Television Without Pity
A lawsuit says sitcoms are are hostile, filthy workplaces. Writers say they wouldn't have it any other way
October 17, 2004
Sometimes, typically at 2 or 3 in the morning, comedy writers make jokes they never expect anyone else to hear. These are trotted out exclusively for the pleasure of punchy, bleary-eyed co-workers whose senses of humor have been hardened by years of professional wear and tear. One writer might start with the story of a humiliating colonic, which might trigger speculation about what a particular network executive would look like dressed in bondage gear, which could inspire a poem composed entirely of venereal diseases.
"If someone put out a transcript of what goes on in writers' rooms, it would be very, very hard to explain," said Diane English, creator of the CBS sitcom "Murphy Brown." "I can remember some nights lying on the floor screaming with laughter, thinking if anyone was here with a tape recorder, my God, how horrible."
Just how horrible is no longer a source of speculation, thanks to a former writers' assistant who was fired from the NBC sitcom "Friends." Amaani Lyle contends that while doing her job, which was to record anything any of the writers said, she was subjected to her bosses' dirty, personal and just plain weird banter, so much so that it constituted sexual harassment. Crude language, naughty doodles, sexual fantasies involving cast members: all are dutifully chronicled in a lawsuit against Warner Brothers Television; Bright/Kauffman/Crane Productions; and three writers, Adam Chase, Gregory S. Malins and Andrew Reich. The suit, which grew out of a complaint filed in 1999 and has now progressed to the Califorinia State Supreme Court, has prompted pledges of support for the "Friends" staff from many within the industry, as well as sympathy for the assistant from a few dissenting observers. It has also produced a dead-on parody from another writer who, in a sitcom-ready plot twist, was signed by an agent impressed by the writing sample.
Sexual harassment claims are nothing new in Hollywood, but this one has attracted particular interest, partly because it involves dirty talk and a hit sitcom, but also because it touches on sensitive issues of gender and race. Ms. Lyle is African American; her original complaint included charges of racial discrimination. The case may also have consequences far outside Hollywood because of Ms. Lyle's potentially precedent-setting position and Warner Brothers' equally novel defense.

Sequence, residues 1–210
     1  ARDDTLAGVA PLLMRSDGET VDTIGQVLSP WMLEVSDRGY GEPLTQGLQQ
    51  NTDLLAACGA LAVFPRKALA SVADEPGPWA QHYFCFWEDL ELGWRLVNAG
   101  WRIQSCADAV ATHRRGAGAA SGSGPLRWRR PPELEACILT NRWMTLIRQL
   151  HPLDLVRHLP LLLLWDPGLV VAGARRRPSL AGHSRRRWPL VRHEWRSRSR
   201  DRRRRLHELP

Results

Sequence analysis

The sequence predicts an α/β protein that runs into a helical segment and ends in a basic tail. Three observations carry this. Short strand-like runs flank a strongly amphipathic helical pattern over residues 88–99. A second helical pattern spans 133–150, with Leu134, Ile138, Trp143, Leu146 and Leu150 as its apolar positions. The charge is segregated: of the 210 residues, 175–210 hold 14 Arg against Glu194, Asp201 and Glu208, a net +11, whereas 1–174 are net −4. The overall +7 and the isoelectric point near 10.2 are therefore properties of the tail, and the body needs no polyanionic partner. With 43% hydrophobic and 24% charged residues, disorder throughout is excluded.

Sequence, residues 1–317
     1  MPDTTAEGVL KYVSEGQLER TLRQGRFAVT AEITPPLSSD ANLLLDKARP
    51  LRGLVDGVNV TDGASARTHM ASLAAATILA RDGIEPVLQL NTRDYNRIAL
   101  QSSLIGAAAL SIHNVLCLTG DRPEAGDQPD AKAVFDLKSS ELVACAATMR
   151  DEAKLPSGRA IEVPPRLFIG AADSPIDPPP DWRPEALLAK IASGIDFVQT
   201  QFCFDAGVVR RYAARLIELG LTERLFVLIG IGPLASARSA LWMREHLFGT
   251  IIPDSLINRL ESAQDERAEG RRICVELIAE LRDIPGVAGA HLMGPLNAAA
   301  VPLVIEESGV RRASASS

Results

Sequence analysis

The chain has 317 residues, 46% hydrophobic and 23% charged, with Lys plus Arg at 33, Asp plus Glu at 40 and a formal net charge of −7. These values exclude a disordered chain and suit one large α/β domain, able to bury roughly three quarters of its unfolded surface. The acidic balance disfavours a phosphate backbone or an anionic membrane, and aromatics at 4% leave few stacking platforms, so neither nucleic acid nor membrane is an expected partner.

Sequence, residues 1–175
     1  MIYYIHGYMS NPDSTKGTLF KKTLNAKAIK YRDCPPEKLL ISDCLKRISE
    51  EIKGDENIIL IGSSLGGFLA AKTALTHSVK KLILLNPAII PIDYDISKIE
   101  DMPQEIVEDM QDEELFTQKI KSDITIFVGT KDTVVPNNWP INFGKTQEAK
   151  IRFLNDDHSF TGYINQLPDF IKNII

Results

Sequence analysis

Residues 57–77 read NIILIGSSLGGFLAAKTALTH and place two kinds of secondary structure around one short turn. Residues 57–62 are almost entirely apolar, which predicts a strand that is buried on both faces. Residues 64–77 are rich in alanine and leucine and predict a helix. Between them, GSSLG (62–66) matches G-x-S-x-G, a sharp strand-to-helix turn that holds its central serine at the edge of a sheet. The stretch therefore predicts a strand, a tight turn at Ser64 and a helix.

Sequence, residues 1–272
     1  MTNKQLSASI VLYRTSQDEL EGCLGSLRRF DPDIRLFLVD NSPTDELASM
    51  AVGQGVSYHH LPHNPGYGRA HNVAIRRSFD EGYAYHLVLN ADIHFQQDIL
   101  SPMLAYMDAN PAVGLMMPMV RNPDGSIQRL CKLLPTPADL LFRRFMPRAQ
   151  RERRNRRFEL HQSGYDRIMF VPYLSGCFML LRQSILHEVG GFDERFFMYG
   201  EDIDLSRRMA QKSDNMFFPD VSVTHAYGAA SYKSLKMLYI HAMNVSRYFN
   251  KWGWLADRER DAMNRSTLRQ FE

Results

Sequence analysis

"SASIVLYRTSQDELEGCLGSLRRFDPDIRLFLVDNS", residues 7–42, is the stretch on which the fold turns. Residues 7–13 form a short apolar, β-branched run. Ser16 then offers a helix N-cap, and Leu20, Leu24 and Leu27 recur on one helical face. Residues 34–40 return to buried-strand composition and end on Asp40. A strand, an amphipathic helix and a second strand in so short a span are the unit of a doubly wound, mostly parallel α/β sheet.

In most cases that claim a "hostile work environment," the defense argues that the offending actions didn't really happen, or weren't that bad, or that they were taken out of context. The Warner Brothers lawyers, however, do not dispute that the "Friends" writers were often lewd, crude and extravagantly vulgar. The excuse was they're comedy writers. "They were talking about sex because that's their job," said Adam Levin, a partner in the Los Angeles law firm Mitchell Silberberg & Knupp. "The real crime here is that these writers are being individually sued for doing their job."
Both sides are making big claims for what's at stake. Studio executives say not just the way their industry works but also the First Amendment is under attack. And some legal experts fear that if what has been called the "creative necessity" defense prevails, it will give people in show business immunity from the same standards that apply at construction sites, stock brokerages and any other workplace forced in recent decades to clean up its act. "The law should not say that people in a writers' room can refer to women in demeaning terms but no one else can," said Joanna Grossman, who teaches sexual harassment law at Hofstra University.
The "Friends" writers certainly had some legitimate reasons to talk about sex: this was, after all, a show in which a character once fashioned for himself a prosthetic foreskin out of Silly Putty. "This was not 'Barney and Friends,' " Mr. Levin said. "The show dealt with pornography, threesomes, oral sex anal sex."